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Unremarkable Return

August 29th, 2013 No comments

Compared to last year’s experience, returning to Japan after my summer holiday this year was as dull as it gets, just another routine return home from vacation. It’s been great to start seeing students again, but there’s none of that “oh my god you’re actually back!” wonderfulness I got thanks to my prolonged absence. I’m sure most of them didn’t even know I’d been gone.

The 30-hour journey from Ichenheim to Togane went as smoothly as possible, with just some slight anxiety at the beginning when my first train ran a half-hour behind. I didn’t get to the airport until one hour before departure, but this turned out to be plenty of time anyway. It might have even made it better, as I barely had to wait on line to check-in and pretty much flew by security. I got lucky on the 6-hour flight to Abu Dhabi when the woman sitting next to me got up and never returned to her seat, apparently having found a better one somewhere else. Maybe I smelled bad? If so, good. The layover in Abu Dhabi was only an hour and a half and most of that consisted of getting off the one plane and on to the other, as the airport doesn’t have enough terminals for the planes to connect to and everyone has to be shuttled to and from the planes. I was amused by how extremely lax the security line was—the United Arab Emirates is clearly not too worried about terrorist attacks. Finally, I got lucky again on the 10-hour flight to Narita as nobody was seated next to me at all. I actually managed to sleep for awhile too—maybe a whole 20 minutes of unconsciousness (a new flight record for me!)

It was only 4 p.m. when I got back to Togane, giving me plenty of time to unpack, go for a run, and head to the supermarket to re-stock my refrigerator before settling in for the night.

I stayed up as late as I could—9 p.m.—thinking I’d probably crash for at least 12 hours, but the jet-lag had other plans. I woke up at 2 a.m. and couldn’t get back to sleep for another five hours. It was early evening in Germany, the time my body got used to being the most awake. I only slept for one more hour after that, new construction projects going on outside my apartment making further sleep impossible. I went for another run, did some more shopping, had lunch, then went back to K-chu at 1 p.m. for two hours of Speech Contest practice.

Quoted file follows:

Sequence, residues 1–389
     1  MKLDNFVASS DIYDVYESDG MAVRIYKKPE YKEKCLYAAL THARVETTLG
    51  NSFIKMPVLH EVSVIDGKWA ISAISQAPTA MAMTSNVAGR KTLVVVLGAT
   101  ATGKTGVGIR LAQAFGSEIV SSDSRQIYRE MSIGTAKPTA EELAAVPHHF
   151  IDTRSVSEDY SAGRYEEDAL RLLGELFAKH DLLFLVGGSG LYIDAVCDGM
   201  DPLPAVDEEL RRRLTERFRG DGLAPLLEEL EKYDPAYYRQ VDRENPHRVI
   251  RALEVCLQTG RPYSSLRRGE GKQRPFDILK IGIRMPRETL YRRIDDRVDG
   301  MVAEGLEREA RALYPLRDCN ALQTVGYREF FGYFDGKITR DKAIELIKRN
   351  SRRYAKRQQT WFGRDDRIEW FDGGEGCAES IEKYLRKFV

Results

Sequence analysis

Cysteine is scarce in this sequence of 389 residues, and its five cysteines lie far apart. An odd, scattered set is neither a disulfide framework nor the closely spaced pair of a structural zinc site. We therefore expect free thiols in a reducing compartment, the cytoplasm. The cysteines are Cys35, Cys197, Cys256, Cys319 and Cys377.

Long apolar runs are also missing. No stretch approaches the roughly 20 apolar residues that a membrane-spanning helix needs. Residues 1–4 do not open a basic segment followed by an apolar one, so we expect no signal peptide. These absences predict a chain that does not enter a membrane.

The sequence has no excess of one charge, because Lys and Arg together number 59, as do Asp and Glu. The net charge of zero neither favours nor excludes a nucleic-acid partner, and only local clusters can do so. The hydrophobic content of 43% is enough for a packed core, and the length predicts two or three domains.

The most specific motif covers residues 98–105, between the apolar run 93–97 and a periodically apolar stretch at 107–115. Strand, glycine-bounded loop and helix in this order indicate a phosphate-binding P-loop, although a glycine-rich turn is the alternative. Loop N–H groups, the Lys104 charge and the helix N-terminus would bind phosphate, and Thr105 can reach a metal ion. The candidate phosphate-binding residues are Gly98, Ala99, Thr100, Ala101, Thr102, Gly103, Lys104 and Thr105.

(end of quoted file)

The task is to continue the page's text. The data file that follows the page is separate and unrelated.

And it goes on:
The jet-lag kept me up for most of last night as well, and I was hurting this morning as I came in at 10:00 a.m.—3 a.m. by my body’s reckoning.

The Speech Contest students did improve while I was away, but I’ve been disappointed by how relatively not-far they’ve come in three weeks. One kid doesn’t even have his whole speech memorized yet. It’s a long speech, okay, but he’s had five weeks and there’s only three more to go. Others are still making the same mistakes they were when I left. I guess it just means I’ve still got plenty of work cut out for me. At least the best student is still performing wonderfully—she’s pretty much ready for the contest already and would probably win if it were held tomorrow.

Next week the semester begins, but it won’t be back to normal. K-chu’s Sports Week is next week, so I’ve got a whole lot of boredom to look forward to as the students prepare for it. At least I’ll have the elementary schools to keep me busy. I’ll use as time preparing those lessons as I can.

All in all, it feels as great to be back as I expected. Just no “second honeymoon” this time. I was gone three weeks but it already feels like I never left.